Things are different in live

In May I had the privilege of hearing about the great work done by the NHS Business Services Authority.

During the talk the team mentioned a particular question that encountered a lot of distrust during testing.

I asked if they’d seen the same since going public. They hadn’t.

This matched a recent experience with research into the National Data Opt-out.

We had a few issues that when under the magnifying glass of user labs, got an increased emphasis. Emphasis we didn’t see since going public.

This isn’t to say everything has been like this. The things people liked in labs, they liked in the public service. And the things that annoyed them (and us) in labs, annoyed them since going public.

It’s a strength of user labs that they let you solve the issues that stop people from using your service. And you find speed bumps and things that lead people astray.

But they won’t iron out every issue. They also don’t reflect going public either.

One thing we found performing better has been our “interruption card” component.

We have a screen that acts as the sinew between the landing page and transactional service. This page lays out how to do the thing online.

The idea behind it was to clear up the process of one-time authentication that’s needed. We found in Alpha that we had a sizeable user group that hadn’t done two-factor authentication before.

In the lab, these things performed okay. Some people zoomed past them. Some slowed down and got the info they needed to understand the journey they were about to take.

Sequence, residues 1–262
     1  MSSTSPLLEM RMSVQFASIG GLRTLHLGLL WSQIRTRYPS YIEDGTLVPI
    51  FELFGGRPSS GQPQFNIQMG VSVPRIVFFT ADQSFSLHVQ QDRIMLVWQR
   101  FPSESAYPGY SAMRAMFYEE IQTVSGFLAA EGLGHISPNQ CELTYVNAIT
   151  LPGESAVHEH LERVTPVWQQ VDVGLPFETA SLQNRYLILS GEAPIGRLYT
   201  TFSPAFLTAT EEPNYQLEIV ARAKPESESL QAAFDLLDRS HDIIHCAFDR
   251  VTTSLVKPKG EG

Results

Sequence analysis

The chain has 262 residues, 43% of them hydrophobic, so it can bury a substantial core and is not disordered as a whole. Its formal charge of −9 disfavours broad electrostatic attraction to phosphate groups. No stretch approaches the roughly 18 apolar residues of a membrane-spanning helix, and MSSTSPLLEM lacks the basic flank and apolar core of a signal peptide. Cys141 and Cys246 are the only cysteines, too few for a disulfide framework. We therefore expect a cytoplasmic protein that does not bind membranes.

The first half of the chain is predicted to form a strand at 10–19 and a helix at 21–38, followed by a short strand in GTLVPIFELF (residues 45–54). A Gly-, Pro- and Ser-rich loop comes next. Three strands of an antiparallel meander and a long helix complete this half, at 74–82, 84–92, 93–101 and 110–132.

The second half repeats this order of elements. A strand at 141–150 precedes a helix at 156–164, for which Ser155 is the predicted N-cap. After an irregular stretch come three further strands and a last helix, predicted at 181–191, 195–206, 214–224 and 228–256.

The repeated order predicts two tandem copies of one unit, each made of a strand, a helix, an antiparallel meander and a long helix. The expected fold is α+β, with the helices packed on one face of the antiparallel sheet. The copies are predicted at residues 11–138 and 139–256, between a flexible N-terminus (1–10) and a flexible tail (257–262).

Not a ringing endorsement.

Part of the issue was most users were happy to share their data with the NHS for research and planning purposes.

Evaluating the component became difficult. We saw some users zoom through things they may have taken more time over at home.

Though it didn’t stop the zoomers in the lab, it did seem to support some users. We kept it for the public service. Partially because of a hunch that on scale it would prove its worth. And also because the evidence was that it did alright.

Since going public, the indications have been that it’s been working better. Tracking cursor movements has seen lots of users track and read the text on the card. User journey recordings also show it. Likewise, with user feedback on that page.

Empowering users is about them understanding what they are doing. And why.

The value of letting users know how to do a thing is that they understand what to expect.

You don’t alway need to surface process, but we’re glad we have. It stopped users questioning why we were asking for their details to stop data being shared. It stopped some users feeling out of control and unable to use the online service.

You’ll never know for sure if something works. Things are different in live.

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